14. The day the Rugby Star proposed 
15. Meeting Rachel in the hall
16. Getting cast in Picnic
17. Singing "Fever" to Jim at the Valentine's Cabaret
18. Finding the March 2011 Bump group
19. Getting hired in the DR (because it started this adventure)
20. Getting hired in Kuwait to teach MS/HS Choir (because it was exactly what I wanted to be doing)
21. EMAC- all the festivals
22. Getting hired in Shanghai (because I met Ken and it makes for an amazingly dramatic story)
23. Getting hired in Guatemala (because of Lindsey, Andrea, Darryl)
24. Stepping off the plane every summer
25. Choosing to have a roommate in the DR over living alone
26. Joining AGD
27. Family reunions at Aunt Beverly's
28. Yearly trips to Oklahoma
29. Singing karaoke after work at the bar with the funny name
30. Brenau- not so much the acceptance part because I didn't want to go, but then I did

There have been so many other awesome moments in my life.  This list could really go on and on.  Doing this list has put me in a ridiculously good mood.  It's a good idea to think about those awesome moments every now and again.

What is your most awesome life moment?  Top five?

Sunday, March 16, 2014

The Reason I Left


The Move to America

Today's post is the 2nd in an Expat Link-up series by Molly over at The Move to America.  The topic today is ‘The Reason I Left’ – share why you became an expat. What made you choose a particular place or the traveling lifestyle? Has it been what you expected? What did you consider/wish you had considered before you moved? End with three tips that may help people figure out if a big move is for them.

Source
If you've read any of my posts from the Expat Blog Challenge led by Cristin at In an Opal Hearted Country you know why I left.  If you haven't read those other posts, well, you should.  But if you don't have the time, here's a brief recap.

I left because:

1. Kimi made me.
2. I couldn't say no.
3. I really, really had to.


Since I feel like I've covered the why a few times, let's talk about the since it happened.  Was it what I expected?  No.  I had no idea what to expect.  I didn't know the international teaching world existed.  Like a lot of people, I thought 'teaching overseas' meant teaching English in China (which I almost, almost did once).  That's all.  I had no idea that there was a network of international schools covering this great planet.  I couldn't fathom that Americans, Canadians, Australians, South Africans, Kiwis, Chinese, Japanese, Mexicans and more could gather at one school to teach.  And it was impossible to believe that all these people were connected before they met, just because of what they do.

I was also shocked to say the least at the behavior of my fellow teachers.  When I first left home, I went to the DR, along with a whole pack of young, single, rather attractive men and women.  Who liked to surf.  And party.  I will leave it up to your imagination what shenanigans they got up to, but I will say that it changed my views on how my high school history teacher might have been spending his weekends.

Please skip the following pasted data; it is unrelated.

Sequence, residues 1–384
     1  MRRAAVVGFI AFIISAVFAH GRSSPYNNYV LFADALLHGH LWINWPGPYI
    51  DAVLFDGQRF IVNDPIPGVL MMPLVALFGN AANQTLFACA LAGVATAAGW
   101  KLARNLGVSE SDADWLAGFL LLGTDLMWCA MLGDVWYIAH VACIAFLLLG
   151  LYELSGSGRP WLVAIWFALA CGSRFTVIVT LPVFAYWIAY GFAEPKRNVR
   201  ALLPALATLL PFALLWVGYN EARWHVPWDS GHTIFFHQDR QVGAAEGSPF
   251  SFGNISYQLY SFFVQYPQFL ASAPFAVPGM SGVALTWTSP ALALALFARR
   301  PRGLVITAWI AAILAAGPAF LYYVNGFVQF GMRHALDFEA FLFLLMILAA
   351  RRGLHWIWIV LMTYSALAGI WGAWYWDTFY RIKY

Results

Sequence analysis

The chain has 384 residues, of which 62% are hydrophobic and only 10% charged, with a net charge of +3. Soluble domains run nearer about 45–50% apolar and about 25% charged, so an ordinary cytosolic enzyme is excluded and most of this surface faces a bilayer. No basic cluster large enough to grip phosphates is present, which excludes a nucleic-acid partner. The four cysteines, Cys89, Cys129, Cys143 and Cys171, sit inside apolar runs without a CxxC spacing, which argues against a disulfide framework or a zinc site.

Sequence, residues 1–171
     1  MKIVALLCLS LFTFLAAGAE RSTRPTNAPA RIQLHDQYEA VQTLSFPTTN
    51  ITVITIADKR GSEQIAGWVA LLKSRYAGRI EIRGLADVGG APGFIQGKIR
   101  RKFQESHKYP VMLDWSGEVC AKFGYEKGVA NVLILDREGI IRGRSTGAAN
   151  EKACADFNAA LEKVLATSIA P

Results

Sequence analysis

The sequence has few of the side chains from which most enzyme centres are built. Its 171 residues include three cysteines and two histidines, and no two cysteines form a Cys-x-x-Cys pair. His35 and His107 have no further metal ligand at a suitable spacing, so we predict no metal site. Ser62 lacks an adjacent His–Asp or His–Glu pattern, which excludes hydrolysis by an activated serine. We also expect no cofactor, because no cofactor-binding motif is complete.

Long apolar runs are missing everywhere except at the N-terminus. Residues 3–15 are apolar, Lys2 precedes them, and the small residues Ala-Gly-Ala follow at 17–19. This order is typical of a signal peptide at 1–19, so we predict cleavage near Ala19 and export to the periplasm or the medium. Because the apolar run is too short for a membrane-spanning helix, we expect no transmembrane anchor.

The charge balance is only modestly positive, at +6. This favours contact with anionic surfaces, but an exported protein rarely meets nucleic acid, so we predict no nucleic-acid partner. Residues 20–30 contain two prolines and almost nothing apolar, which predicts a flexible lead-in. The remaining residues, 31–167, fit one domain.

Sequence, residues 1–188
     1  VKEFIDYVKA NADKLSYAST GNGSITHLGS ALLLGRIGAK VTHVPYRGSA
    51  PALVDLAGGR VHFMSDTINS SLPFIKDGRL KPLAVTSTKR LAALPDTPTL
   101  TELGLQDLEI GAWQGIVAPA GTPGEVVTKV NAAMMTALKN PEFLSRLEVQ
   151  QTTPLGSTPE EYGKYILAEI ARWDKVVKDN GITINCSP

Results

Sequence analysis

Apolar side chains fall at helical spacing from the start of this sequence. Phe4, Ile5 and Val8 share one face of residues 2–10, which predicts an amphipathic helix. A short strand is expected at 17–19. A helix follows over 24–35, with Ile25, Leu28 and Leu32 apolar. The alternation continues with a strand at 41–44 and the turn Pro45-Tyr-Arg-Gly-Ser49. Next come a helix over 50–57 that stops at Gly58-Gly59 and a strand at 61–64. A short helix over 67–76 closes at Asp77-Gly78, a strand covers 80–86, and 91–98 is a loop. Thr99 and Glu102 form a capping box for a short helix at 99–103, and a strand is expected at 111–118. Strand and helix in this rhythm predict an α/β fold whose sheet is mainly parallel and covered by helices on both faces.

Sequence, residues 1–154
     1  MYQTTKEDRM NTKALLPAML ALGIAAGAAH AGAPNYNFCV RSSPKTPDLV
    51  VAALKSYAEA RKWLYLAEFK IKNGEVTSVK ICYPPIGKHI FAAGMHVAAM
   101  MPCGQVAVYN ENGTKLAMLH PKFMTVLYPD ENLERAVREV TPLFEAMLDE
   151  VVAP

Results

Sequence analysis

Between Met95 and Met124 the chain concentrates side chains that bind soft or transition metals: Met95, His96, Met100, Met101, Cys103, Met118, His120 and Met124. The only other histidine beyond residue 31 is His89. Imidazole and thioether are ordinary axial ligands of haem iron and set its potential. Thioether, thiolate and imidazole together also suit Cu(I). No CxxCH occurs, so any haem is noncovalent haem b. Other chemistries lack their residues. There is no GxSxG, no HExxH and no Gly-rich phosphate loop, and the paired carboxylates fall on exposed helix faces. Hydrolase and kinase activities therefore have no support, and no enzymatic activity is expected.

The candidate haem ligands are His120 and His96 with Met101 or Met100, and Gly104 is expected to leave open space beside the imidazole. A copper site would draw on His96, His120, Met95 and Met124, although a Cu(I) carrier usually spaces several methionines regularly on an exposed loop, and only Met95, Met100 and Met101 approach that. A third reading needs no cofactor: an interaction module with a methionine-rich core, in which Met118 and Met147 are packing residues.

Why did I choose to live where I'm living?  The thing about this lifestyle is that, at least for the Rugby Star and me, we don't have a lot of choice in where we go next.  Being a specialist couple, we're not really top of the list for schools so when we recruit, we might have a pick of three places, tops.  And usually only one of those is really desirable... sometimes, not even that (how I ended up in Shanghai).  Once, we literally had nothing.  We went to a job fair, had one interview, and didn't get the job.   We flew back to China with nothing.  Nothing.

Thank the Lord for Facebook. 

What did consider or wish I had considered before I left... nothing really.  I think that if I had thought about it too much more, I might've found a way to chicken out.  This lifestyle has revealed so much to me, about myself and the world.  I would have been an idiot to miss out.

Three Tips- Is Moving Overseas for You?

1. Consider your relationship with your family.  My family often makes me feel guilty for not being home, but I know that deep down, they're proud of me for what I'm doing and who I've become.  Talk to your family- moms and dads, grandparents, siblings- before making a big decision like this.  Help them to understand why you're doing it and what you want out of making a big move like this.  You don't need their permission, but the support is a big plus.

2.  Consider why you want to move overseas.  Are you looking for an adventure for a few years?  Are you hoping to make a career in another country?  Are you escaping the law?  Why exactly are you leaving and what do you hope to accomplish?  Know this before you leave.  It may help you decide where to go.

3.   Consider how brave you are.  If you want an adventure but you're shy or intimidated by new places and faces, consider moving somewhere that will not present you too many challenges to start.  Perhaps a country where your native language is primarily spoken or at least spoken.  Perhaps a city you've visited before or a place where you might have extended family or friends nearby.  Culture shock is a real thing and if you aren't big on big change, start little.  If you're up for anything, heck, pack a bag and move to the Amazon.  Just consider how much change you can handle at one time. 

Wednesday, March 12, 2014

Wordless Wednesday

I did not edit this photo.  Notice the sky is the same color as the sand on the ground. 
Welcome to a sandstorm in Bahrain.

Tuesday, March 11, 2014

Some Really Good Advice...

The recruiting process for international teachers is hard.  It's a ridiculously long, stressful process that reminds me a lot of Rush (Recruitment) in a sorority.  Will they like me?  Is this school cool?  Will everyone think I'm awesome if I go here?  Why is no one else applying here?  What do they know that I don't?  Can I really live with all these people, day in and day out?